If you purchase your Scarlet Temple from a local fish store or a big box store, the chances are it will come in a small plastic pot filled with Rockwool. Before planting the Scarlet Temple we need to remove the plant from the pot and get rid of all the Rockwool.

When you break open the Rockwool it will probably expose several little plants all bundled together as a single plant.

Images: Tropica Plants

After removing the plant from the pot and taking away as much of the Rockwool as you can, the smaller pieces of Rockwool will also need to be removed. I have found the best way to do this is with a small bowl of water and some aquascaping tweezers.

All the tiny pieces of Rockwool can be picked off with tweezers or washed off in the water.

As mentioned above, what appeared to be a single plant in the pot will probably be 3 or 4 individual plants that can be planted in the aquarium either as a single clump or as individual plants.

Once you have removed all the Rockwool and separated out the pot into individual plants, it is time to plant the Scarlet Temple. The best way I have found is to carefully place the plants into a pair of aquascaping tweezers, then push them one at a time into the substrate.

Fertilizing Scarlet Temple

As is typical of stem plants, Scarlet Temple takes nutrients in through both its roots and its leaves. As such, I have found this plant benefits from both root tabs, which we bury in the substrate and liquid fertilizer that we add to the water column once a week.

The root tabs I have found to work the best are Flourish Root Tabs which are made by Seachem. I tend to bury one or two near to the clump of the Scarlet Temple. It takes a couple of weeks for the roots to reach the root tabs, but once they do, there is a noticeable increase in the plants growth.

Over the years I have tested pretty much every liquid fertilizer on the market. Right now I believe Easy Green, which is made by Aquarium Co-op, is the best liquid fertilizer on the market.

To use Easy Green you just have to add a few squirts directly into the aquarium water once a week. That’s it! The plants will extract all the nutrients they need, and as a result, grow stronger and look greener.

Scarlet Temple Maintenance

Scarlet Temple is a fairly low-maintenance plant. It does not grow quickly so does not need a great deal of day-to-day maintenance.

I have found the only real maintenance Scarlet Temple needs is the occasional trim. When the plant reaches the top of my tank, I just trim it down to about 4″ to 6″ (10cm to 15cm) tall and leave it to continue growing.

The pieces I cut off can be grown on to make new plants (see propagating Scarlet Temple below)

About once every couple of years I tend to pull out the old plants, as they become woody and less productive, and just replace them with newer cuttings.

Propagating Scarlet Temple

Like so many other stem plants, Scarlet Temple is incredibly easy to propagate. In fact, it is the ease with which we can propagate Scarlet Temple that makes it one of the most popular red plants in the hobby.

To propagate Scarlet Temple, follow these steps;

Step 1

Using a sharp pair of scissors, carefully cut the stem of the plant, ideally just above a set of leaves. Often, Scarlet Temple will begin to grow roots partway up a stem. This is an ideal place to cut the plant.

Step 2

Carefully push the freshly cut stem into the substrate, taking care not to crush the stem or damage it by pushing it too hard. Ideally, push the new stem into the substrate right up to the first set of leaves. This is where the roots will grow from.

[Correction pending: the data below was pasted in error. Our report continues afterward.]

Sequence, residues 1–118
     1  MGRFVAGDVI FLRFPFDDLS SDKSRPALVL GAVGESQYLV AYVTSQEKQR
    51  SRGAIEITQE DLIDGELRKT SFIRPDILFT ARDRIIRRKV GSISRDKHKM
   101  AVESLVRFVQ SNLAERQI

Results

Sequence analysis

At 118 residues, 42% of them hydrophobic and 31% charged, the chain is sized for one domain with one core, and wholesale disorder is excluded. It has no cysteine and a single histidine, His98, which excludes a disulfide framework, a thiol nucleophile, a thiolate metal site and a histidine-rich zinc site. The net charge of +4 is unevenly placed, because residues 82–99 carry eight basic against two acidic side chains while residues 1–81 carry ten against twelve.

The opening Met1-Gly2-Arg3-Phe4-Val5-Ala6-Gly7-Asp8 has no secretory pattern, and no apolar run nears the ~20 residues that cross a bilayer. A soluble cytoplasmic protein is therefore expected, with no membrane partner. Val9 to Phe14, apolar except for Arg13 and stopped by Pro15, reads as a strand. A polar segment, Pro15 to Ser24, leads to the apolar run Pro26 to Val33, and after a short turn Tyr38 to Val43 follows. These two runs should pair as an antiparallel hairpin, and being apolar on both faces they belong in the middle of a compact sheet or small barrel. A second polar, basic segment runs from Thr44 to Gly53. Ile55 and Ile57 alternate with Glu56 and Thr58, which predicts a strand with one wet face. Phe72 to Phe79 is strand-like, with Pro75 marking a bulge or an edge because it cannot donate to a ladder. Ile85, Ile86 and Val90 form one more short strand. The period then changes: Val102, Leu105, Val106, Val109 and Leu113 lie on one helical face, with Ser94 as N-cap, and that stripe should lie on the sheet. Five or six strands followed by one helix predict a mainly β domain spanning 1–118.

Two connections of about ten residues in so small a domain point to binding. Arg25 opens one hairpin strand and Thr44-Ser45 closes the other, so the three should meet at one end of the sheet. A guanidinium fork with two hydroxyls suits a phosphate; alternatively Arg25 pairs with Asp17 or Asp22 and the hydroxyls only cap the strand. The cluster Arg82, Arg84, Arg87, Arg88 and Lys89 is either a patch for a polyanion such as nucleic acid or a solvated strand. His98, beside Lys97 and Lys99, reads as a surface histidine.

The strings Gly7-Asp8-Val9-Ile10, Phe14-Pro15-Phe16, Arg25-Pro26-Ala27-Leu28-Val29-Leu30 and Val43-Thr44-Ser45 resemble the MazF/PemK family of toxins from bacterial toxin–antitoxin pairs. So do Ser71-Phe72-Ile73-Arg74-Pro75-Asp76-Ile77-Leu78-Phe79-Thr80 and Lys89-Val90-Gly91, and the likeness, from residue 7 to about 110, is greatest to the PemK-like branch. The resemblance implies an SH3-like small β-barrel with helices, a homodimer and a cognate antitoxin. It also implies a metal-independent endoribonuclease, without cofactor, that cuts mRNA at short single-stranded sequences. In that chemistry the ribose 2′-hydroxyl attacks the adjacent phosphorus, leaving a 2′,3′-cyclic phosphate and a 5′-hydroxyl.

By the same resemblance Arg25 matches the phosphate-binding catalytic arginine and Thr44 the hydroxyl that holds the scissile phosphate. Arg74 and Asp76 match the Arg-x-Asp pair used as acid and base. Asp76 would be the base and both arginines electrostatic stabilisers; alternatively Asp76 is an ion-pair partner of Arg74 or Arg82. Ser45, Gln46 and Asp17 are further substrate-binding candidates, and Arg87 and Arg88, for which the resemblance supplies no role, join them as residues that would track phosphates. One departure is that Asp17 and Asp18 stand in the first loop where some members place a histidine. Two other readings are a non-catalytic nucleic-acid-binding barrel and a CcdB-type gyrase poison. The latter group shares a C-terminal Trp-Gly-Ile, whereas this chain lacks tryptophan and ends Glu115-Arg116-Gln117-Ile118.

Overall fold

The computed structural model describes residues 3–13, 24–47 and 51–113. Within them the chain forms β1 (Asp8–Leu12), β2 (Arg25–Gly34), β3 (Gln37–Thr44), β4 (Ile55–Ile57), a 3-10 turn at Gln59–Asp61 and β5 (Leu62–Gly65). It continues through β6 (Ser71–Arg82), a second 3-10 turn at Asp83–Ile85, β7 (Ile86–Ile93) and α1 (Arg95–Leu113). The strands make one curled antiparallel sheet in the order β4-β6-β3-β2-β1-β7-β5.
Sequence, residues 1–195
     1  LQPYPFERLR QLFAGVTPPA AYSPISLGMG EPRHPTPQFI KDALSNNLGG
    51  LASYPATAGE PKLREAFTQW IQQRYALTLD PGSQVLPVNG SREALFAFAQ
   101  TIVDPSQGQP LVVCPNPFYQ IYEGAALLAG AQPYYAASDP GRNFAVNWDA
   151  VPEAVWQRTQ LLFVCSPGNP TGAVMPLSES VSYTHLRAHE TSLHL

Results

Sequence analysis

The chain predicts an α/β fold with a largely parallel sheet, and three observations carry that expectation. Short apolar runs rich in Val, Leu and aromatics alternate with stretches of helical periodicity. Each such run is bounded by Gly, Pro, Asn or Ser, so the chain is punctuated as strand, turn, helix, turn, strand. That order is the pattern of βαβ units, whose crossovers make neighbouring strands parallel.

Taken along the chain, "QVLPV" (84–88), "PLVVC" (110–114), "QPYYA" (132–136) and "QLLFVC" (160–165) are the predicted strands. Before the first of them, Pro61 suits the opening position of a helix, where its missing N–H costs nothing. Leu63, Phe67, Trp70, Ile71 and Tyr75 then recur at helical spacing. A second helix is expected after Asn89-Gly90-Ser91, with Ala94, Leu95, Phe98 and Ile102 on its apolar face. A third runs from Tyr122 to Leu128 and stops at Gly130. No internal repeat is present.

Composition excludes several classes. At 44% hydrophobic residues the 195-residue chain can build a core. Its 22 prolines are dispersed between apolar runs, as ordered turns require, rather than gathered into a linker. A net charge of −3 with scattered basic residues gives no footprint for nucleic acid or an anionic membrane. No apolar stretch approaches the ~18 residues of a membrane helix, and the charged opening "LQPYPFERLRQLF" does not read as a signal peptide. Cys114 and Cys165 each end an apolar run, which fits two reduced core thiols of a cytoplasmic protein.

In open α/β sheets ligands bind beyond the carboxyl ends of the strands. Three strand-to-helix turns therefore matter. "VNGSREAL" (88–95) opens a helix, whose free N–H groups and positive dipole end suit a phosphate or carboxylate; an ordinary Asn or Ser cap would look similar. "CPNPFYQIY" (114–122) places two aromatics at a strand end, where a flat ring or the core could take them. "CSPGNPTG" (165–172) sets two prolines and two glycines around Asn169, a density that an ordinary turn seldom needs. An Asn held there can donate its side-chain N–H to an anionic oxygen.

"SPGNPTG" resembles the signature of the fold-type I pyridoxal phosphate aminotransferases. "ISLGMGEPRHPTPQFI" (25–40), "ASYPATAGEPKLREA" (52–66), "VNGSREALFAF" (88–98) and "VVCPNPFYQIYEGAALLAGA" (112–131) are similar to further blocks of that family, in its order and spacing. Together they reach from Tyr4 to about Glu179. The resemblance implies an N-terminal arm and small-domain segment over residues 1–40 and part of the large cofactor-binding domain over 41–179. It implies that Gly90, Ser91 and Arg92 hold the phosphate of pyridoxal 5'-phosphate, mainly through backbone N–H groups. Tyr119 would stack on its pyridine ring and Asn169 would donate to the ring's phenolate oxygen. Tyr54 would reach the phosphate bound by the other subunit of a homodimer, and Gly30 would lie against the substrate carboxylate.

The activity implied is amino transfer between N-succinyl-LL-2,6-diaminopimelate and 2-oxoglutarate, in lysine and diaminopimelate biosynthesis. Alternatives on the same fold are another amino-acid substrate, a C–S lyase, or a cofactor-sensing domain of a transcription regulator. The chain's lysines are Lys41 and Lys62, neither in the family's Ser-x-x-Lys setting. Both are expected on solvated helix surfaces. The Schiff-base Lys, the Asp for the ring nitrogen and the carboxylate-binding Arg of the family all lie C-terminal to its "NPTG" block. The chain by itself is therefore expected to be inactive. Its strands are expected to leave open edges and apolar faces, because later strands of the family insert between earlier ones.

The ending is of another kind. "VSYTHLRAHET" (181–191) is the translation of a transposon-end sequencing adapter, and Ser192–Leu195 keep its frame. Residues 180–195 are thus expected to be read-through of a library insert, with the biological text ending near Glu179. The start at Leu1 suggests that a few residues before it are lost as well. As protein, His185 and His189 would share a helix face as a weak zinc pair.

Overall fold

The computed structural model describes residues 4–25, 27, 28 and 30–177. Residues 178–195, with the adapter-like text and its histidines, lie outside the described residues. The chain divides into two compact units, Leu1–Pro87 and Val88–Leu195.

Step 3

Make sure the new plant does not float up or get knocked out of the substrate before the roots have a chance to form. Within 4 to 6 weeks the new cutting should have a healthy root growth.

What Other Plants Can Be Grown With Scarlet Temple?

Scalet Temple is an easy-to-grow plant that does well in medium to high light with little or no CO2 injection. As such, there are a wide range of plants that also grow well in those conditions. Personally, I like to try and contrast leaf shapes and colors.

When I look around my fish room, I have Scarlet Temple growing in a number of tanks, and other plants growing with them include;

Mermaid Weed

Mermaid Weed, which is also known as Saw-Tooth Hygro thanks to the saw-like edges to its leaves, is one of the most dramatic plants in the aquascaping hobby. Not only do the leaves have a stunning natural shape, but they also change from green to deep pink when conditions are right.

Although not the easiest of plants to grow, the rewards for growing this plant are huge as a good specimen of Mermaid Weed makes any aquascape look amazing.

Amazon Sword Plant

Amazon Sword plants are probably one of the most recognizable plants, and certainly one of the most popular plants in the freshwater fishkeeping hobby. Amazon Sword plants have been in the hobby for 50 years or more, and their popularity has barely wained.

Amazon Sword plants are beautiful, architectural, and incredibly hardy, making them an ideal plant for those who are new to aquatic plants.

As I sit and look around my fish room, I think I have more Amazon Sword plants in my tanks than any other plant.

Hygrophila Corymbosa

Temple Plant, which is also known by its scientific name Hygrophila corymbosa, is one of the hardiest and easy to grow plants available to hobbyists today. This bright green plant makes an ideal background plant for any aquarium.


Moneywort, which is sometimes sold under its scientific name, Bacopa monnieri is a fairly easy-to-grow stem plant that is considered to be hardy, making it ideal for both beginners and those with a little more experience.